From availability to arrival: How COVAX doses make it to countries

By the end of 2021, COVAX will have delivered approximately 800 million doses to 144 countries around the world – the largest and most complex vaccination rollout in history. But what exactly does it take for doses to arrive in countries?

  • 14 December 2021
  • 3 min read
  • by Meghana Sharafudeen
COVID-19 vaccines arrival – Credit: © UNICEF/UN0425695/Verzosa
COVID-19 vaccines arrival – Credit: © UNICEF/UN0425695/Verzosa


COVAX secures its vaccines either through direct purchases from manufacturers (advance purchase agreements) or in the form of donations from higher-income economies. The journey of a vaccine – from initially being made available to landing in a country ready to be used – involves a number of individual steps, which COVAX works with manufacturers and countries to complete as quickly as possible. These are:

COVAX availability graph


COVAX’s Supply Forecast provides a long-view – based on regular interaction with manufacturers – on when doses are estimated to become available from manufacturers. As a part of these conversations, manufacturers confirm the availability of doses for the upcoming quarter, including the monthly breakdown of volumes.


Once availability is confirmed, COVAX is able to allocate doses to countries. Ideally, this is done at least three months in advance to give countries time to plan for successful roll-out. Allocations take into account the latest information from recipient countries on their “absorptive capacity” – their ability to store and roll out large numbers of vaccines to their populations before the vaccines' expiry date – as well as any voluntary monthly supply caps they have asked COVAX to adhere to. Before COVAX can send countries letters with specifics of their allocation, manufacturers must provide more granular details on supply nodes, release timelines and shelf life.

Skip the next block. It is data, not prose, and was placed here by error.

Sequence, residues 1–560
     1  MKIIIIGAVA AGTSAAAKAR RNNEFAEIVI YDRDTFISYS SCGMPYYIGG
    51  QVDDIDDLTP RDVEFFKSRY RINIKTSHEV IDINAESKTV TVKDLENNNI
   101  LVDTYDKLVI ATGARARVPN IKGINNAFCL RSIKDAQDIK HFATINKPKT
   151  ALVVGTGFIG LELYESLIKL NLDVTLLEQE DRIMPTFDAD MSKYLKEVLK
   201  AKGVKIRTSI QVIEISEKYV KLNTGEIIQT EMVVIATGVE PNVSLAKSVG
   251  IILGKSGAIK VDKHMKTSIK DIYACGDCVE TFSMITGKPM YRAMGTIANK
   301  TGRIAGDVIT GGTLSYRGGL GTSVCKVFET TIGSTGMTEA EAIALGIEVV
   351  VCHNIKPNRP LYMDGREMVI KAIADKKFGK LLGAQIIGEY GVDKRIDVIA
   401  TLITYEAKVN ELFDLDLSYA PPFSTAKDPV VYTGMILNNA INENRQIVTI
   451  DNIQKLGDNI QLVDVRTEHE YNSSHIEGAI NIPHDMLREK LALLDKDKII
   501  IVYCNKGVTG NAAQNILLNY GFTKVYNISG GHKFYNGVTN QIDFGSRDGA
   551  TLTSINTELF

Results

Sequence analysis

Based on the information in their offer letter, countries decide to accept, refuse or defer their allocation within a set time frame, depending on shelf life of doses. If the allocation is refused or deferred, COVAX then seeks to re-allocate the doses.


There are several readiness elements that must be in place before accepted doses can be packaged and shipped. Recipient countries must have signed the manufacturer-specific indemnity and liability agreement, granted national regulatory approval for the vaccine, issued an import permit and, for some manufacturers, complete additional readiness checks. COVAX supports the coordination of this process across all lower-income countries. Most approval processes require active engagement from both the manufacturer and the recipient country.


Once these elements are in place, COVAX places procurement orders with manufacturers. Manufacturers may communicate last minute changes in availability based on logistical or scale up challenges, which can also impact timelines.  Manufacturers process these orders, confirm batch release timelines and pack orders for transport. COVAX coordinates the transport of these doses to lower-income countries, and in some instances, self-financing participants as well.

Real-time information on COVAX deliveries to countries is available under the “Deliveries” tab of the UNICEF COVID-19 Vaccines Market Dashboard.